Give Credit. Take Blame.

StopSign-OldSeth Godin recently wrote of the importance of owning responsibility for your mistakes and sharing credit for successes. He focused on use of the pronouns “I”, “you” and “we,” and when each is most appropriate. Example: Instead of saying “I” when announcing a success, he suggests using “we.”

Give his post a read. He’s a master of the short blog post, so it won’t take you more than 2 minutes (if that).

It would be a different and better world if more people watched their pronouns in this way—and more organizations. Decency begets decency, I think; we might actually find a renewal of civility in a society in which it seems far too rare.

Also, when you treat people well, they reward you. Giving credit to others helps build teams and coalitions, creates goodwill, and makes people feel good about both themselves and you. Those around you will become more loyal if they learn that they can trust you as an ally and champion. Taking responsibility for your own mistakes is a sign of maturity as well as integrity. That includes the mistakes of those you supervise or direct or manage.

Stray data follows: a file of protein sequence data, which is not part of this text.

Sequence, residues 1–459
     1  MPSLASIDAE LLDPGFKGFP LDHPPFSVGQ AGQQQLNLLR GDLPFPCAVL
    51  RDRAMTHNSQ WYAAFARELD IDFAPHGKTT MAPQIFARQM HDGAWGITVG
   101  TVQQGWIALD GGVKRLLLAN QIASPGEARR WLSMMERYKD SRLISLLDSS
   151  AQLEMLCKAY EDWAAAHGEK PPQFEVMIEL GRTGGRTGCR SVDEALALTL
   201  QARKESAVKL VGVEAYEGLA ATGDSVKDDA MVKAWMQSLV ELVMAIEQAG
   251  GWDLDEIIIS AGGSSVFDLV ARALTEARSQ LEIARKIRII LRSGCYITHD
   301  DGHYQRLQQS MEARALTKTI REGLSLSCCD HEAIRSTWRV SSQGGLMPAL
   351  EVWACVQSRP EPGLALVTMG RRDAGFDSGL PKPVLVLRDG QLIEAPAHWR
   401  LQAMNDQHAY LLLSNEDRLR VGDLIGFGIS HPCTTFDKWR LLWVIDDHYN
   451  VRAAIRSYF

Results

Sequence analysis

This is important to remember both in your daily life–personal and professional—and when you or your organization comes under criticism. As with people, organizations that sincerely acknowledge their mistakes and pledge to do better in the future garner more goodwill and are less likely to alienate allies (or customers or members or donors). They’re more likely to survive criticism and less likely to have a mis-step turn into a crisis than are organizations that deny problems, get defensive or try to shift blame elsewhere.

So the next time you find yourself or your organization being criticized, stop yourself before you go on defense. Consider whether you have made any mistakes; if the answer is yes, acknowledge them, to both yourself and others. Take a deep breath, and respond with candor, compassion, and concern.

And mind your pronouns.

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